1/2 Way – Where Did The Summer Go?

1/2 Way – number 107 – Where Did The Summer Go?

I was surprised to find that since I last wrote 3 months and 2o mountains have passed under my feet.  The summer holidays and opening up the Coronavirus social distancing restrictions have both added to my workload as guests started to return to the Bunkhouse, which means bookings and admin, as well as washing, ironing and lots of cleaning.

88-90 – Middle Fell, Seatallan, and Buckbarrow, a pleasant round, although the steep climb up to Seatallan freaked me out slightly and felt like I was on a vertical face.  Head down, don’t speak, don’t look up or down.  The distance was just right for legs that have enjoyed their lockdown break, a little too much.

91-94 – Starling Dodd, Red Pike, High Stile, and High Crag, the ridge from our front door, made this feel really special. Even the cheeky dog on Starling Dodd stealing my sandwich and nearly impaling it’s owner on the rusty pile of old fence posts on the summit could not dampen my spirits.  Feeling my age and lack of fitness Mark and Bheinn had driven around to Buttermere and met me on top of Red Pike, after an hour’s wait, all the more frustrating as it was a lovely day and Mark’s camera battery was flat. Descending High Crag was as difficult as I remembered from many years ago, with loose scree in all directions. Bheinn and I bum-shuffled down and I vowed to buy some new, aggressive-soled Inov8 fell shoes.

95-99 Caw Fell, Haycock, Scoat Fell, Steeple, Red Pike.  I had aimed to reach the 100 tops mark today, but this was the day that conspired against me. The Forestry Commission had added a lock to the track down the valley as too many staycationers were driving down with camper vans and tents to wild camp. We had planned to use the road to take a 3 mile walk-in off the day.  It was also the hottest day of the year so far and despite 2 litre bottles of water I had started to feel dehydrated by Scoat Fell.  After hopping across to Steeple and meeting a friend of a friend who kindly took photos and a movie shot of me on the top, I weighed up my options for a hasty retreat .  My original plan was to sweep up Red Pike and finish the day over Pillar with a 5 mile walk back home. Leaving Red Pike unclimbed was really not an option as it stands in the middle of 2 groups of mountains that I would have to reascend to bag it in the end, but I had run out of energy to make the distance and height gain of Pillar. So my options were to walk straight back the way I came after bagging Red Pike, alternatively I could follow the ridge to Grike and descend to the Cold Fell Road, or the last but more obscure option was to head South over Red Pike and possibly also over Yewbarrow and descend into Wasdale and call on the goodwill of Mark to drive around to collect me.  He was not too impressed, but showed his love and dedication by making the 80 minute round trip. Reaching the summit of Red Pike I knew Yewbarrow was out of the question.  I think I had a touch of Heat Stroke, feeling dizzy and sick, I descended to the valley desperate to find water and thrilled to see Mark on the lower flanks of Yewbarrow at Dropping Crag. Thanks to the generous couple on Caw Fell who donated their pre-covid emergency rucksack fund to the Calvert Trust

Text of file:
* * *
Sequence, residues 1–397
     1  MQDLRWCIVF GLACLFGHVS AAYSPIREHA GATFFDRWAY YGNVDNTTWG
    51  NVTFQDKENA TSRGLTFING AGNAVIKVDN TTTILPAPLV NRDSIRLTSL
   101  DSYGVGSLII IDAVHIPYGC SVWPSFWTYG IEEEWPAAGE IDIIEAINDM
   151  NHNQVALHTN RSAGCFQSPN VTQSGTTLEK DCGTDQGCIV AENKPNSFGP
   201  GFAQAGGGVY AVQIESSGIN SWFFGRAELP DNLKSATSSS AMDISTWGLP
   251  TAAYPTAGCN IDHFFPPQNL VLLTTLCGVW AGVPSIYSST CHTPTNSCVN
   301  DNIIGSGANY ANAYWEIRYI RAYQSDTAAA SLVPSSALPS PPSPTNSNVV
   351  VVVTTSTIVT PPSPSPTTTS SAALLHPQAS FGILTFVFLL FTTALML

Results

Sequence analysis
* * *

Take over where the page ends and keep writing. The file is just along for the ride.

100 Yewbarrow – Of all the people in all the places, I met Graham from the Head4theHills group on the summit. Mark had walked over from Ennerdale and caught up with us as we were just about to descend, having experienced my walk from last week with an equal amount of dehydration. 100 felt like a great milestone but the one I am looking forward to is 107 the half way point.  Thank you to the 2 lads who made a generous donation to the Calvert Trust.

101, 102, 103 High Spy, Maiden Moor, Catbells. It was rather a cheat but not to be knocked, to drive to the top of Honister and walk back down to Cat Bells.  The plan had been to park at the bottom of Cat Bells and get the bus up to Honister, but all roadside parking had been blocked by double Yellow Lines and the field car park was not open.  So we drove up Honister, walked the ridge in reverse, and then planned to get the bus back up the pass for the car. I had downloaded the bus timetable, so imagine my surprise/upset/annoyance, when we arrived at the Catbells bus stop to be greeted by the sign that said the nearest bus service was Seatoller – 7 miles away.  The bus helpline was no help denying that the 77 bus from Keswick and a bus stop called CatBells existed at all.  Keswick TI phone line was picked up by a call centre – not in Keswick, so was unsure if it was running or not.  The Ice Cream Van Man however confirmed that the bus was running. Having come equipped with pen to sign the wheel I was able to leave a note for other walkers who thought they were in a pickle and to help the bus company improve their fares for people who otherwise would think the bus was not running.